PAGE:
Making the most of the ostrich

This ostrich farm in the Western Cape has diversified into tourism, sport, concerts and other attractions that ensure a constant income stream. Jay Ferreira reports.

Making the most of the ostrich
Table Mountain viewed from the farm. The ranch’s proximity to Cape Town make it convenient for day-trippers from city.
Photo: Jay Ferreira
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When Gavin Kanigowski bought a 21ha farm near Durbanville and the N7 in the Western Cape in 1994, his aim was fairly straightforward: to breed ostriches for meat, feathers and leather. Named the Cape Town Ostrich Ranch, the operation was a family business from the start, with Gavin’s younger son Pawel involved as a working partner. Pawel’s brother, Garth, lives overseas but maintains a keen interest in the business. The Kanigowskis are South Africans of Polish descent.

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Two or three years after launching, however, the they realised that they had to diversify to increase income. Experience showed it would make economic sense to focus on meat and leather, with feathers as a sideline. They also worked hard to develop their other major sideline, tourism, and this has grown apace. “Busloads of tourists would drive for six hours all the way to Oudtshoorn to see ostriches,” says Pawel. “So we decided to bring the experience closer to Cape Town.”

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Today, no fewer than 60 000 tourists – by far the majority from overseas – visit the ranch annually. Despite the success of this aspect of the business, the main emphasis is still on ostrich production.Fortunately, this increases the ranch’s attraction, as far as visitors are concerned. About 320 ostriches are currently kept for breeding, slaughter and show. Over the years, the Kanigowskis have added considerably to their original 21ha, and today the total farm is 94ha in size.

The ostriches occupy about 33ha of this area, and are kept free-range in large, double-fenced camps of 2 000m² to 3 500m² each. Plans are underway to create another six breeding camps to house an additional 60 birds. Approximately 30% of their feed comprises natural forage, with the balance ostrich feed mix, but Pawel intends reducing supplementary feed within the next five years. Hatchlings stay on the farm for about 18 months before being selected for breeding or slaughter. The farm has shares in the Swartland Ostrich Abattoir.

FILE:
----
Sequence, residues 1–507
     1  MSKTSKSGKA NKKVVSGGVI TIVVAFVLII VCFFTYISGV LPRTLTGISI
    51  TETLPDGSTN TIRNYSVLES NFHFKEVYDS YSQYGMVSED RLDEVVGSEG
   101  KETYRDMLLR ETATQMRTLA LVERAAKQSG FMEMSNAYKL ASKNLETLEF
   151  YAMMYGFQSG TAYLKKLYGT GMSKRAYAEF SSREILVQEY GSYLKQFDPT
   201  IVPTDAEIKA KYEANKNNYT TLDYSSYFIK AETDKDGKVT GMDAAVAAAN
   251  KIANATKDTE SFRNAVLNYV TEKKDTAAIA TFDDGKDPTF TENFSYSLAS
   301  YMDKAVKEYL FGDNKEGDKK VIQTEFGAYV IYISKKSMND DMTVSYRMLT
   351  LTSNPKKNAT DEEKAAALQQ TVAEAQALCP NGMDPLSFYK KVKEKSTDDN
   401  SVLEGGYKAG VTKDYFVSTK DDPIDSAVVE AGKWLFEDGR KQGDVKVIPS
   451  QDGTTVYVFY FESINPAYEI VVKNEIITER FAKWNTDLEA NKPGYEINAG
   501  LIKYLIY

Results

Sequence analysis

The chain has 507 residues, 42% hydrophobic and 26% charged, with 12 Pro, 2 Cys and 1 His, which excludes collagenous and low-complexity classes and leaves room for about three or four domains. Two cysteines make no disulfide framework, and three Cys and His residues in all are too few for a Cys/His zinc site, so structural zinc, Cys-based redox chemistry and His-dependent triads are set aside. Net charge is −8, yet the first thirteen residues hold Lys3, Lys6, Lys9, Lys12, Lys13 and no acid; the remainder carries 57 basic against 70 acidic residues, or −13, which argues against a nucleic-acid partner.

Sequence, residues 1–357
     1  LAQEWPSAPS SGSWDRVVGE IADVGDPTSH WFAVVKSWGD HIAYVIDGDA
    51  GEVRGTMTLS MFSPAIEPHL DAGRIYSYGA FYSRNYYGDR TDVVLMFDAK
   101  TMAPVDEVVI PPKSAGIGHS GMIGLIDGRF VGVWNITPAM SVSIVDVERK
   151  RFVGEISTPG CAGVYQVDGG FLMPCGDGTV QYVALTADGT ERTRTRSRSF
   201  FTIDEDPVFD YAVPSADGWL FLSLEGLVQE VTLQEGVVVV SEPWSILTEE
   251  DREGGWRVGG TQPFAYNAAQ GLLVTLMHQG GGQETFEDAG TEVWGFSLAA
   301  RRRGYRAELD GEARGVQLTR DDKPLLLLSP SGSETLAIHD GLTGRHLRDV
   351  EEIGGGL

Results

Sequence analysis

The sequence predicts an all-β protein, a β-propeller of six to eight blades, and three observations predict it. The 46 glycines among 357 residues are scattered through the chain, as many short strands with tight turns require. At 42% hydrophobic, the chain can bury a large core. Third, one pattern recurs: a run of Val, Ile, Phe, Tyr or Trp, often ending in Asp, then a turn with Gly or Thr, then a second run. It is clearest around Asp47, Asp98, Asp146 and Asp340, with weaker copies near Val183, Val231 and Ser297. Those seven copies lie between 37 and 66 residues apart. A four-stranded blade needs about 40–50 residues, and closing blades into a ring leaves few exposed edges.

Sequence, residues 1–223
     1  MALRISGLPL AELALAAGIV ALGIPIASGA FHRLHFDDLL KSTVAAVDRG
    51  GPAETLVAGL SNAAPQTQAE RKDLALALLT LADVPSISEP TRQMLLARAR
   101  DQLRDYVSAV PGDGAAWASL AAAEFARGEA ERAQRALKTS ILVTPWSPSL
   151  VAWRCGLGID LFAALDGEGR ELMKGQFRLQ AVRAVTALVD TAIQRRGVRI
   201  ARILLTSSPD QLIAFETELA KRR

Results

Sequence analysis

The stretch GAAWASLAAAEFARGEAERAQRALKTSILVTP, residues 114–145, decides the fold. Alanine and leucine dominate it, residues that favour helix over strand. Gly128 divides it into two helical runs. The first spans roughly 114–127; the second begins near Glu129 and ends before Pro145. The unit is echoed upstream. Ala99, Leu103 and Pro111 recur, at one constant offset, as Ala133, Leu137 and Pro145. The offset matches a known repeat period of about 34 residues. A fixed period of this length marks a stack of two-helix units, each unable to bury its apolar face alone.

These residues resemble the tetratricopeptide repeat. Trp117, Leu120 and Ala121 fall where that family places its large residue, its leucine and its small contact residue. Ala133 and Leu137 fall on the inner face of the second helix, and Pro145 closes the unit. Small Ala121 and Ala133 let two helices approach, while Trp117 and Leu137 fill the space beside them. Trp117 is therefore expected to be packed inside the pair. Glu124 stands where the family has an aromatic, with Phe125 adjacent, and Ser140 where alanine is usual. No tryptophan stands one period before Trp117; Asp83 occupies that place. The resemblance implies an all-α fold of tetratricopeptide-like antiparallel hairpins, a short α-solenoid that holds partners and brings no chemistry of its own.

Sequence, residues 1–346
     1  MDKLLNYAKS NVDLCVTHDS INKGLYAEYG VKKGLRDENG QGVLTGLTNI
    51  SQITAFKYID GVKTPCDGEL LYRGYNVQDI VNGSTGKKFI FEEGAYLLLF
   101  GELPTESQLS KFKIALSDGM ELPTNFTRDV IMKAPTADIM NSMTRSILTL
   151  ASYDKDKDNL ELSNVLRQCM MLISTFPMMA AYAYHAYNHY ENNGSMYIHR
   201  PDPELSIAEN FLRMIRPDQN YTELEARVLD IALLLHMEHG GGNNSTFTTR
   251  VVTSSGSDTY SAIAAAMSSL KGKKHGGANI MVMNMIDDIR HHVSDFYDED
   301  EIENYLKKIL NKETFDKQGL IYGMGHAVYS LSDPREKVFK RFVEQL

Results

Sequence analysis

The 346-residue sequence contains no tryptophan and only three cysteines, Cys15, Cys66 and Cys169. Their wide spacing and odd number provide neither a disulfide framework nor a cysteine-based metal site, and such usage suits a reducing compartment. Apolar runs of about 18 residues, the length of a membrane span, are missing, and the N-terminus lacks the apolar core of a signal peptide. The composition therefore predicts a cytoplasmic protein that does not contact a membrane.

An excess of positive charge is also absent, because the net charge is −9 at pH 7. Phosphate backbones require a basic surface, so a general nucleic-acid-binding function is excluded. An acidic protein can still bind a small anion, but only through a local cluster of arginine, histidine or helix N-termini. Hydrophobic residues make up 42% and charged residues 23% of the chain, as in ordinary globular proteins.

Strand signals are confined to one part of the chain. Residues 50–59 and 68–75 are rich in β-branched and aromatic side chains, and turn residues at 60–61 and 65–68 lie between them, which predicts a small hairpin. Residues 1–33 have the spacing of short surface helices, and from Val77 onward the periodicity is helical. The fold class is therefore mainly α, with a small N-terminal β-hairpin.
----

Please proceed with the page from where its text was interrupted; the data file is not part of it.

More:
International recognition
Cape Town Ostrich Ranch is EU-approved. “All of our birds are drug- and hormone-free,” says Pawel. “We only vaccinate the birds against bird flu to comply with EU regulations. Even my 14-year-old dog has been vaccinated to comply with EU registration requirements. These include a range of specifications – from the registration of animals to water trough design.”
To date, according to Pawel, the family has had no bird-flu problems.

Breeding experiments
As mentioned, the Kanigowskis added to their land. Seeking to expand their breeding programme, they acquired 73ha of marginal land adjoining the farm. “We wanted to compare intensive, controlled camp breeding with large-scale natural breeding,” says Pawel. “We did this for six years, but found that the natural breeding birds became so wild that we
had difficulty vaccinating them. So we moved these birds into an intensive camp breeding system and allocated the large camps to other production.”

The Kanigowskis’ efforts at diversification have gone considerably further than tourism. A keen polo player, Pawel took the opportunity six years ago to develop 6ha of the farm into a polo practice ground. This led to the formation of the Cape Town Polo Club, and a second polo ground is now under construction. “We have 20 members in a sport with fewer than 400 members countrywide,” says Pawel.

More recently, they heard that an events company was looking for a concert venue easily accessible from Cape Town and with plenty of parking and basic facilities. The ranch ticked all the boxes, and now hosts over 40 000 concert-goers a year.